Thursday, August 25, 2005

America Gives A Sheet or: A Plea For Tiny Crackpots

In these days when celebrity right-wing crackpots seem to be getting all the publicity by revealing their drug addictions, complaining about their TIME magazine covers, talking up the merits of “Intelligent Design,” or calling publicly for political assassinations, it seems unfair to me that the screwballs of the nation’s modest heartland aren’t given similar attention. After all, to hear Mr. Bush tell it, they’re the real backbone (or boneheads) of this country.

That’s right. I'm not talking about the usual crew, the Limbaughs, the Coulters, the Robertsons, et al. I'm talking about those folks in the heartland, the ones who didn't want to offer therapy to Osama Bin Laden after 9/11. The simple folk, the ones you'd want to have a beer with, like Mr. Bush. The bedrock of this great nation, the ones whose colors don't run, the ones that wouldn't let Michael Dukakis take their god-given guns away.

You know the type. You pass them every day. Their stories aren't front-page news. They make no great claims for themselves but prefer to move through this life with humility, paying their own way and worshipping in their own fashion.

No, you won't see them on the talk shows plugging their latest feature film, or see their mug shots the way you see those of so many of Hollywood's so-called "stars." And yet, their story is a larger one. They are the fabric of the tapestry of the cloth of the knitted sweater that is the United States of America and they don't ask for any phony recognition for doing what they believe is right.

Well, just to take an example:

No doubt you've been reading about the peace camp in Crawford, Texas near the Bush ranch, where Cindy Sheehan and her supporters wait for Mr. Bush to invite Cindy in to discuss her reservations about the war that killed her son.

No real American is going to take those kind of shenanigans for long.

Already, one neighbor shot off his gun in hopes of scaring the varmints off. There's no better demonstration of why Americans treasure their right to bear arms than that.

Then there was the other fellow who respected the memories of the war dead so much, he was moved to drive his pickup truck over 500 makeshift crosses commemorating them while dragging a length of pipe behind him. You tell 'em, sir! These pickups don't run!

But that's not my favorite story of America's Heartland coming together to support Commander KooKoo Bananas (as Homer Simpson referred to him this year) against the threat of Cindy Sheehan.

No, that honor belongs to the "I Give a Sheet Vigil and Prayer Rally."

No, really.

Let one organizer, Eve Tidwell of Georgia, explain the motivation: "People who are for things don't usually go out and say something, it's usually people that are against something that does." Right enough, Ms. Tidwell. Unless, of course, you're "against" whatever it is the other side is "for," I suppose, in which case the waters are needlessly muddied. Let's stick with your simple, but potent, reasoning for now.

According to the Washington Post, "about 80 Bush supporters, including a group that chartered a plane from Georgia, held a rally…at the nearby Crawford Community Center. They hung up white sheets filled with written messages like 'Mr. Bush, you are doing a great job, thank you for all your hard work! God Bless America!'…The messages were written with washable markers so the sheets can be washed and donated to homeless shelters, organizers said."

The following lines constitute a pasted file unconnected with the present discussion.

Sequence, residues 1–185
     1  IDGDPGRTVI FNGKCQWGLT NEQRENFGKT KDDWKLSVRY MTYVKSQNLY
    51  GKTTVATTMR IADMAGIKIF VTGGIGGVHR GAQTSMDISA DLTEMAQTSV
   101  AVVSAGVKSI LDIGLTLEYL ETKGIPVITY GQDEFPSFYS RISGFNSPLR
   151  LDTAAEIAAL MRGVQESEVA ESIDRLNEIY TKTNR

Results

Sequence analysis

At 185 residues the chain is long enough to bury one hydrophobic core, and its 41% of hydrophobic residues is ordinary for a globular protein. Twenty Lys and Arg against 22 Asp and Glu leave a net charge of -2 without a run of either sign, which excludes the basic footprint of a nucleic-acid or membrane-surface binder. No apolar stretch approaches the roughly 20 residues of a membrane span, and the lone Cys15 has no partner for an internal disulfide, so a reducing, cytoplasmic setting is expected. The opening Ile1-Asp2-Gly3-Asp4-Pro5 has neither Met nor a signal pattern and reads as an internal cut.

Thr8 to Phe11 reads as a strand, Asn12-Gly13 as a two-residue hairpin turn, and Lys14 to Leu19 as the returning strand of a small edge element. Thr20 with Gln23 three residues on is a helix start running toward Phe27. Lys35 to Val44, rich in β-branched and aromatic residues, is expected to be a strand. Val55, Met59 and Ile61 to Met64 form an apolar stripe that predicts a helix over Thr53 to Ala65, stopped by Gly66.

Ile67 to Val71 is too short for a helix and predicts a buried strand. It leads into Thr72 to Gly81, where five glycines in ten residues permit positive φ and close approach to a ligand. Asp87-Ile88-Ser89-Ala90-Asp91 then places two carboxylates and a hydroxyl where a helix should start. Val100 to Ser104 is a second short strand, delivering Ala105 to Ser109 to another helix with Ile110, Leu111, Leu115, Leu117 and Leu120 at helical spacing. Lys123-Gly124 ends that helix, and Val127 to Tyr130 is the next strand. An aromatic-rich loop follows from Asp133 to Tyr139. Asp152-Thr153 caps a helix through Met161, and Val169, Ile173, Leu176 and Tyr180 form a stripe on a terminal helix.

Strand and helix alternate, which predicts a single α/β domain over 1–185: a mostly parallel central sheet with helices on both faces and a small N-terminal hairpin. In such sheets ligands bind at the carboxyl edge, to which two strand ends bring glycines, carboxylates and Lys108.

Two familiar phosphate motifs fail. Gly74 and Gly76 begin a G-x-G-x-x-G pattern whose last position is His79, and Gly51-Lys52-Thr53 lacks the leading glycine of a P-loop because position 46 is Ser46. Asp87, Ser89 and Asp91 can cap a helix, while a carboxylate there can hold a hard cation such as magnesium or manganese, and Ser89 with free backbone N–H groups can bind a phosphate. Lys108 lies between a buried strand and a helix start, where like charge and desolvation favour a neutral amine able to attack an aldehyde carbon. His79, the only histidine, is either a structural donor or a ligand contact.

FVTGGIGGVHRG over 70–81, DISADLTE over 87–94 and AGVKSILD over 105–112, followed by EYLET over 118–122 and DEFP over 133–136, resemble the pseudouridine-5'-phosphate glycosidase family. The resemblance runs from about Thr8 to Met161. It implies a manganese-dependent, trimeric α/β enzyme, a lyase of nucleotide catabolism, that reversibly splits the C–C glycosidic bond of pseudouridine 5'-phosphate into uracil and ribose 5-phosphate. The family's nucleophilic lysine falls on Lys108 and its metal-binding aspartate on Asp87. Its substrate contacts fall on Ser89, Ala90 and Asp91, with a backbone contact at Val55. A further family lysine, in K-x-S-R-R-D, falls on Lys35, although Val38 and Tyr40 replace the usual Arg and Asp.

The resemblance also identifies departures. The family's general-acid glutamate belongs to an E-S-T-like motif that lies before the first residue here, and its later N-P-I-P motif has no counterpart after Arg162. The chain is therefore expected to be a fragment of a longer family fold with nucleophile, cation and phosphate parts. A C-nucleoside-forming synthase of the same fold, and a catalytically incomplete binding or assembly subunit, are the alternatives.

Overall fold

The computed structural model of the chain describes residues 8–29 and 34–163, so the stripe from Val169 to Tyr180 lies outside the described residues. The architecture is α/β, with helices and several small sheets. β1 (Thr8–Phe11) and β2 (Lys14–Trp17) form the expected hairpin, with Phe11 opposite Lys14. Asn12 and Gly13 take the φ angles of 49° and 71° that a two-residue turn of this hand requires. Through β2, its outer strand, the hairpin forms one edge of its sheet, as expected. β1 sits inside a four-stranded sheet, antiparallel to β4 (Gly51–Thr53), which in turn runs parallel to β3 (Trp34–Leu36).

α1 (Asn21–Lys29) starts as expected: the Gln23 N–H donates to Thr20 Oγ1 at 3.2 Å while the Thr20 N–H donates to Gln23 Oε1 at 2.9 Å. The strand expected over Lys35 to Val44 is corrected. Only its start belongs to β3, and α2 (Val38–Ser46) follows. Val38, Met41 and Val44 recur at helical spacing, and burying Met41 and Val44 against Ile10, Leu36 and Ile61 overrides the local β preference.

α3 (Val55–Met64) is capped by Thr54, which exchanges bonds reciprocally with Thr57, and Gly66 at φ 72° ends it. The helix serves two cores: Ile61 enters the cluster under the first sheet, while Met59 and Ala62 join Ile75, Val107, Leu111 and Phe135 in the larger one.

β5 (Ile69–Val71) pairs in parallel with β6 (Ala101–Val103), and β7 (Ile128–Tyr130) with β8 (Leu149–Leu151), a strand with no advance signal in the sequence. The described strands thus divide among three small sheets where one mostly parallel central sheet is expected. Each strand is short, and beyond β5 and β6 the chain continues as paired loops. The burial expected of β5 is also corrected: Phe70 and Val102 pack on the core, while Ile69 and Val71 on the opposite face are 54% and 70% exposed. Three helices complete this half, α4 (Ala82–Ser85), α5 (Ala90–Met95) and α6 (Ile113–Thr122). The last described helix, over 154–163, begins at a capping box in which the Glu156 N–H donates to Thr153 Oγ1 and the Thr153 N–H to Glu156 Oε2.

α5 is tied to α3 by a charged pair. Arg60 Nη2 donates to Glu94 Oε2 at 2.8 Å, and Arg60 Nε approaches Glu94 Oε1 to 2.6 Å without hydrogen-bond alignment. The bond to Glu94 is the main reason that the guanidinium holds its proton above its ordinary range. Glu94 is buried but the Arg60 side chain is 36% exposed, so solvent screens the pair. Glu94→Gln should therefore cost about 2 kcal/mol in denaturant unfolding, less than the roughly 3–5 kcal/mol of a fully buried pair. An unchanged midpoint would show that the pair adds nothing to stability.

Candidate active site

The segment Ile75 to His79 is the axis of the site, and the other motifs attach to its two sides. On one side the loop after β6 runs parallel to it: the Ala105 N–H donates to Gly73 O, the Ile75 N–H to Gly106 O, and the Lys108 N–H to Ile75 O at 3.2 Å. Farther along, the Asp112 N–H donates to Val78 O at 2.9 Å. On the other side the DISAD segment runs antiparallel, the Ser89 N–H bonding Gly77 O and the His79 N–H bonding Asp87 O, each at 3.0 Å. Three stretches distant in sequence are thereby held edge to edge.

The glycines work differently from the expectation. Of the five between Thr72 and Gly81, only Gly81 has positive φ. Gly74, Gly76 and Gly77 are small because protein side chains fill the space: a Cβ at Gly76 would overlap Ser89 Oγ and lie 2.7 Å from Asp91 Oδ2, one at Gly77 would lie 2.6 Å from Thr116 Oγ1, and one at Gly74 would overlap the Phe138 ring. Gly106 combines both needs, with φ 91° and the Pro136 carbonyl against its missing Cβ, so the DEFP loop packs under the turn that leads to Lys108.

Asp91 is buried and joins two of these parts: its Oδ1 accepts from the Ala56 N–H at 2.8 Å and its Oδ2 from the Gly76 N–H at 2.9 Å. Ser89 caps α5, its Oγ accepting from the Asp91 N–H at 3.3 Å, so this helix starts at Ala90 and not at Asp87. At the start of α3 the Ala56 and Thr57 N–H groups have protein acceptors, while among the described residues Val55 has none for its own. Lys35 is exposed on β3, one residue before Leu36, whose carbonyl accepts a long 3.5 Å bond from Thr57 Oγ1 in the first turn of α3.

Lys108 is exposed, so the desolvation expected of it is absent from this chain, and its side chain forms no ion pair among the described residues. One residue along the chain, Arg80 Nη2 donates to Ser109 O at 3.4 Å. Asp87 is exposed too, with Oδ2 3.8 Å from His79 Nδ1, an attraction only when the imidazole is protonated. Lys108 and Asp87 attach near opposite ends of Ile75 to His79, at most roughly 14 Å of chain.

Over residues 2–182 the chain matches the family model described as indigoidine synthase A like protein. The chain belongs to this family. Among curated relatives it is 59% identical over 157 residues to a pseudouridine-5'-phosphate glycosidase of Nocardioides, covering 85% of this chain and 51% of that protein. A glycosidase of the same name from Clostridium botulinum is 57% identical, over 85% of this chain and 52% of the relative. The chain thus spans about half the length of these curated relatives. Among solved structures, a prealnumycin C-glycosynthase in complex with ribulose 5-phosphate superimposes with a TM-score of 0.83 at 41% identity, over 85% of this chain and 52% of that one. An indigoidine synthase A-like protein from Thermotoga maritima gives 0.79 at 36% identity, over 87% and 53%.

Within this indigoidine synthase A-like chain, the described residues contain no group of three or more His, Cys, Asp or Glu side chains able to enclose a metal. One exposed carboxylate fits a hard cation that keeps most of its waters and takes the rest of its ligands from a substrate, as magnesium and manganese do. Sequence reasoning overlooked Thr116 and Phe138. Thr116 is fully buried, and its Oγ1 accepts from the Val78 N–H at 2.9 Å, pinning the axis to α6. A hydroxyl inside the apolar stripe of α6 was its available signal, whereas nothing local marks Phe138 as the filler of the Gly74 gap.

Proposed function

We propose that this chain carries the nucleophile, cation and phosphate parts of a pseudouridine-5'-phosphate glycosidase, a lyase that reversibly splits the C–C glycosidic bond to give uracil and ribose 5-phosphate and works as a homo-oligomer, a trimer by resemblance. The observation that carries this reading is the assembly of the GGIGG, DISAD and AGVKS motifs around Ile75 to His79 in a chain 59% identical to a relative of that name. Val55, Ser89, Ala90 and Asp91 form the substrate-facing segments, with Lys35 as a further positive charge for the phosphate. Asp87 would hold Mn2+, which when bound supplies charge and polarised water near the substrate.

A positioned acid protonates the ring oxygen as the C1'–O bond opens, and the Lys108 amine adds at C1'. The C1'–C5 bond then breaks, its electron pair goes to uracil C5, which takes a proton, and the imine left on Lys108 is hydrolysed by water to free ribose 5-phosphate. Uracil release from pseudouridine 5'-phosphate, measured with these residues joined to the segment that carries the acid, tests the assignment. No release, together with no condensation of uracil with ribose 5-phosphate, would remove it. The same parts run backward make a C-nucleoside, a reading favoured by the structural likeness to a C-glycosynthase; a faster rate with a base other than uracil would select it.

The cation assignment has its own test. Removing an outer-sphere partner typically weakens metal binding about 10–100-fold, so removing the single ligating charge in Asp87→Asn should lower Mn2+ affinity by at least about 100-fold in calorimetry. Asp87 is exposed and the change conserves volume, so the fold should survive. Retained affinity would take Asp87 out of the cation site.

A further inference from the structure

What fascinates me about this is that sitting right in the middle of the name of this event (which is, I remind you, a vigil and prayer rally) is a pun on a popular anglo-saxonism for excrement.

Will we now see bumper stickers asking if Jesus would give a sheet?

Better yet, this opens the door for all manner of quasi-religious events supporting the war. How about the "I Give A Flying Duck Vigil and Pancake Breakfast" wherein the devout each takes a rubber duck and writes a gung-ho message to Bush on it like "Osama can go 'duck' himself!" Then they all toss them into the air over the fence of the Bush Ranch.

Or the "I Give A Rat's Ash Vigil and Prayer Retreat" during which the ashes of cremated rats would be dumped on the ranch by plane.

Or the "I Believe In Bush's Whore Sheet Vigil and Witch Burning" in which the bedlinens from whorehouses would have the arguments for Intelligent Design printed on them and hung up in science classrooms.

Or they could just use some bedclothes from the White House. Same thing.

2 Comments:

Blogger Tideve said...

I don’t think many people will read this yet I did want to explain where the name “we do give a Sheet” came from.
I was in Crawford on the 12th of Aug when a radio talk show host named Gallagher from Dallas Texas rolls up on a bus and gets out with a megaphone and starts saying “I don’t care if they don’t want us to pray in schools, I don’t care ……
And he said about 5 things and then he said frankly I don’t care what they think. The rally went on and the group started to chant we don’t care we don’t care, about 10 times. Blah blah the rally was over and as everyone was leaving one guy walked by and said they don’t give a shit Cindy’s dead son or anything else. Thus the idea “We do give a sheet” the Sheets were signed by people with messages to the president. Why is ok to call the President a liar or murder and not ok to say he is not a liar or murderer. We all have the right to say what ever we want, why is it so bad to disagree, I think the fact you Quote a cartoon character Homer Simpson lets me know what world you really live in. good luck Eve Tidwell

Wednesday, September 28, 2005 8:44:00 AM  
Blogger Count Screwloose said...

As, indeed, your eloquent and articulate note demonstrates who you are.

Spend a lot of time Googling ourselves, do we?

RG

Friday, February 03, 2006 5:33:00 PM  

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